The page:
"Ah, so we see that fire ants in the underwear can change the course of whole governments." - Pearl Forrester, MST3K
Nolan Ryan is one difference. If he'd been born in Fairbanks, well, he'd have been one heck of a miner.
It takes a while to get the feeling of the place. The sights, the sounds, the smells take a while to permeate your being. It’s a lot like being the carpet at the Angelina/Brad house – oh, they look like clean, scrubbed celebrities, but in reality Angelina showered last April and Brad rubs ham on his hair to keep that “just got up” look. Okay, I don’t know that Brad rubs ham on his head, but, really, who could tell?
Okay, cheating Hollywood couples aside, it’s time for a column to discuss the differences in Houston and Fairbanks by a clever use of juxtaposition. (I used to think that juxtaposition was a word that you only Pamela Anderson would know, and would involve a lot of liquids that decreased friction. Then I went to grad school, and learned that it meant side-by-side comparison. Imagine my disappointment.)
I’ll try to avoid the Yakov Smirnov type comparisons: “In Fairbanks, air iss cold. In Houston, air colds you!!!”
See why I’m going to avoid that? Yeah. Thought so.
Anyhow, part of what I’m seeing now is very disturbing. When it’s the coldest part of January, well, in Fairbanks, all of the bugs are very, very dead. Last week I saw a wasp and several species of bugs of such complexity that they looked like they were getting ready to star in a Sci-Fi™ channel movie, and not as the good guy.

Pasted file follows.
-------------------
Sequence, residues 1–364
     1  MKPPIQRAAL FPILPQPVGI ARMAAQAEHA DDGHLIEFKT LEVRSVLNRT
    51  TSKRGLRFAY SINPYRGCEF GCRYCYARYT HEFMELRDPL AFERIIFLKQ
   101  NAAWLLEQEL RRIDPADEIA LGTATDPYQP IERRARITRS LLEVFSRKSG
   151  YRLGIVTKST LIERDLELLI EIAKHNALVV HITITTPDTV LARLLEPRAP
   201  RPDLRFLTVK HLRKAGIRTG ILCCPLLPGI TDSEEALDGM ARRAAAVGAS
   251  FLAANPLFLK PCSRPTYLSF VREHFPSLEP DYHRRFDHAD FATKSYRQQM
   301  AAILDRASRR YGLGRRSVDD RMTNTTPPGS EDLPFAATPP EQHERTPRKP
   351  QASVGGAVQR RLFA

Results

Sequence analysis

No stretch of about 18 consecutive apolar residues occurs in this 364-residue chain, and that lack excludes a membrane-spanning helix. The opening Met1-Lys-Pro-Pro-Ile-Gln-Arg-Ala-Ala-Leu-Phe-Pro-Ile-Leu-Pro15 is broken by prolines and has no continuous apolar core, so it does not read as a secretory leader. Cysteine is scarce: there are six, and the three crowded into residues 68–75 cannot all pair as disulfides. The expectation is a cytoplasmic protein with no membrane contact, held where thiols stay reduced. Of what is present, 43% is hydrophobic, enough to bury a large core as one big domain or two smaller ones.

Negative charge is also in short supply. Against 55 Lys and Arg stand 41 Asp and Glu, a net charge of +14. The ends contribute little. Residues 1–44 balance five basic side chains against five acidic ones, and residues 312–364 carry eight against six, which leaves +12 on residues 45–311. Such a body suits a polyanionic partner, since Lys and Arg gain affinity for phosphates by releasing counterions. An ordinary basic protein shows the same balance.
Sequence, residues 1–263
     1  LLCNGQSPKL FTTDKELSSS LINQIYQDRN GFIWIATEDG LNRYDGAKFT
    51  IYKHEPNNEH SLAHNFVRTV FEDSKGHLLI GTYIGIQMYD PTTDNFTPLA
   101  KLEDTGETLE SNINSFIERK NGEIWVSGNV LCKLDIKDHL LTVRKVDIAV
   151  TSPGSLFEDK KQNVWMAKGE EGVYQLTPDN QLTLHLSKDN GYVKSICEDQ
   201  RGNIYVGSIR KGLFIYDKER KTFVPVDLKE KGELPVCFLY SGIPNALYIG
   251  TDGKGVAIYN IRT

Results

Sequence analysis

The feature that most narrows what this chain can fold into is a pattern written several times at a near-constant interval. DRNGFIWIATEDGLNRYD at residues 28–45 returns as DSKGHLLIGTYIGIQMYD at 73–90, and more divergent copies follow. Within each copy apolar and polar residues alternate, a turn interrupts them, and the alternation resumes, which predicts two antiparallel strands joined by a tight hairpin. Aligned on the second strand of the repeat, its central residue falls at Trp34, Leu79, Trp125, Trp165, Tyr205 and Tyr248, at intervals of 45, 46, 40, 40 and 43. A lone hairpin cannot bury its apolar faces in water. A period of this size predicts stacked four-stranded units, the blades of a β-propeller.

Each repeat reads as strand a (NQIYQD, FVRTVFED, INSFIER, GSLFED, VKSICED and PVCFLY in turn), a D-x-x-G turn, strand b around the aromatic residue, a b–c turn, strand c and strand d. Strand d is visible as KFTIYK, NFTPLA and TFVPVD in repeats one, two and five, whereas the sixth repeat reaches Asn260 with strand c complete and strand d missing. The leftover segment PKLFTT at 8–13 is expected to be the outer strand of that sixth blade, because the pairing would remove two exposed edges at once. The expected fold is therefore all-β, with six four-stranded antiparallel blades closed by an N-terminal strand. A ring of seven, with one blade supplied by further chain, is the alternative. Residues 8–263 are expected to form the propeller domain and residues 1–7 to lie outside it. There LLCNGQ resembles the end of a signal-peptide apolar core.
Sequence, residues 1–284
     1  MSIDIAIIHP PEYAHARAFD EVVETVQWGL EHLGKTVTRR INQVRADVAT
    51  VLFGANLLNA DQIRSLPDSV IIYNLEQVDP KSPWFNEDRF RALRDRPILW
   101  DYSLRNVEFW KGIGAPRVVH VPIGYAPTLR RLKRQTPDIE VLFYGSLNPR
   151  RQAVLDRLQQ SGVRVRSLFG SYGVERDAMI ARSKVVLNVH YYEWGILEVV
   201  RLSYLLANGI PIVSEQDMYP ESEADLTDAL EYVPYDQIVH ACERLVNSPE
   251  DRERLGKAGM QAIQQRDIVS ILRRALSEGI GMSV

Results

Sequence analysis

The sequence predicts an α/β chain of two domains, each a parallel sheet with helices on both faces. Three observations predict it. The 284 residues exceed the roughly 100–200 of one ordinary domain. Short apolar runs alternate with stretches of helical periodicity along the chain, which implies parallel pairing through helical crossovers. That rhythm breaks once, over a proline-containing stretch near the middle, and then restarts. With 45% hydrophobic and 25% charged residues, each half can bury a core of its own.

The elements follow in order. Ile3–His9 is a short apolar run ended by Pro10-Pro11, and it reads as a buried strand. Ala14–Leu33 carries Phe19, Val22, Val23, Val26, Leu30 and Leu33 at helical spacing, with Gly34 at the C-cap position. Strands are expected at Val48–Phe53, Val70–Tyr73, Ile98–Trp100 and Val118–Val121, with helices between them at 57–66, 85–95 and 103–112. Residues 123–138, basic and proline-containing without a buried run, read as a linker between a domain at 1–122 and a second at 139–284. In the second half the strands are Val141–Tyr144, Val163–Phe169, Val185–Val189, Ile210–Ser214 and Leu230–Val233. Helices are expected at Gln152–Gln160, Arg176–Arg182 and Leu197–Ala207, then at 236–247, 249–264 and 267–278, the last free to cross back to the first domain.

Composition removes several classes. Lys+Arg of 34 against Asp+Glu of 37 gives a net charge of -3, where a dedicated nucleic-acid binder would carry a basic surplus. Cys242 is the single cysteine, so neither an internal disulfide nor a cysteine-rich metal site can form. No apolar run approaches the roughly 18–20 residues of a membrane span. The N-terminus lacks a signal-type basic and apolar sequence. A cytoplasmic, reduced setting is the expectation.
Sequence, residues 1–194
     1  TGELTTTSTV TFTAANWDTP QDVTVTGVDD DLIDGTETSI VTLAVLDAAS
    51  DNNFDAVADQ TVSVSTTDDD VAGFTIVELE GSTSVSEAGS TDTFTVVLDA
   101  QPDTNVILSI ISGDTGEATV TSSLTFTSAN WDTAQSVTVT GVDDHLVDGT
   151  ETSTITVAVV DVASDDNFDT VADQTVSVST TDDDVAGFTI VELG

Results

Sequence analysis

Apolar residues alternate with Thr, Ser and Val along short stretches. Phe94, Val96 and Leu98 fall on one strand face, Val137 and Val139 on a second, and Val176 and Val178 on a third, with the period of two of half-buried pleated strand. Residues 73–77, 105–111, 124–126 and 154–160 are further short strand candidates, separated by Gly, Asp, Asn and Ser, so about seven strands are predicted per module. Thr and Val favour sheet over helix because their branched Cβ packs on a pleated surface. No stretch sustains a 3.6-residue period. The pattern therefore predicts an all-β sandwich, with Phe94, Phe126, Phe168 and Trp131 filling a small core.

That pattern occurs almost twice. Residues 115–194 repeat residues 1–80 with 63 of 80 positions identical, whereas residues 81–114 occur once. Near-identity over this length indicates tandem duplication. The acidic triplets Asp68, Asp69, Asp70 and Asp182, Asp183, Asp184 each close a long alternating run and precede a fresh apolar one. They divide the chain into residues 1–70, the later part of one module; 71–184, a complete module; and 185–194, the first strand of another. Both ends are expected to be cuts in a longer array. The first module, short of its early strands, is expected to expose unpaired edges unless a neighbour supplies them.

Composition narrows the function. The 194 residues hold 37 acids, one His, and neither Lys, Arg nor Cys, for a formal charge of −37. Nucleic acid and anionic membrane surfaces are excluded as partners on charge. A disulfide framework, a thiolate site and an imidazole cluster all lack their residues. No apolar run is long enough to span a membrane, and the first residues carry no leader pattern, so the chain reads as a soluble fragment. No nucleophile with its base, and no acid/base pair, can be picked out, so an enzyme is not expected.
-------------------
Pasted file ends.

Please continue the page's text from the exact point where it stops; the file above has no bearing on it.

The bugs themselves could take up a whole column. The red imported fire ant, solenopsis invicta is one. I grew up with ants, red ones that bit and hurt. Then I moved to Alaska, where any ant you’d see would be as big as your finger, but not bite and be primarily interested in chewing wood, slowly. They were called “carpenter ants.” Made you think of pale people singing songs like, “I’m on Top of the World,” and then not eating enough and dying. Fire ants are known as such because their sting feels like being burned by fire. I prefer the carpenter ants, unless they’ve got circular saws by now.
Invictus is Latin for “unconquered.” I’ve never been intimidated by a small, hive-bound insect before, but when some sort of bespectacled scientist decides to name an ant “unconquered,” well, you know that the ant must be a bit tougher than the average ant. There are also things called “grubs,” “termites.” and “ticks.” None of those live in Alaska.
Right now they share the house with me, but contribute little to the mortgage payment. I’ll let you know how that works out.
Traffic is horrendous here. On a Saturday, you might end up at a red light with fifty cars behind you. In Fairbanks, it’s rare that there are fifty operable cars. I drive an hour to work. In Fairbanks, I could drive an hour and be an hour away from anyone.
In Fairbanks, the crimes were mainly petty home burglary and domestic violence. In Houston, well, there are violent muggings, car-jackings, and bank robberies. In many cases, when it comes on the radio that the Chase® Bank was robbed, well, it makes you wonder if it was the Chase® Bank on the north side of the street, or the one on the south side.
Texas is like Fairbanks in that everybody has a gun. I appear to be an outlier, since when I began to discuss the guns that I own and the fact that I think that a .44 magnum is woefully underpowered from an Alaska standpoint, most people begin to feel that I should register as a military organization. In Alaska, well, people wondered why I called those puny things “weapons.”
Housing prices are lower, too. I don’t really understand that, since, well, Alaska’s made of land, and, well, it’s huge. But in Houston you can buy a house with a pool and granite countertops for what a gallon of milk would cost in Fairbanks, unless it was moose milk, in which case you could buy a mall down here.
Next, more witty observations about life in Houston, and clever, baby-oil covered juxtapositions. Because you can never get enough baby-oil.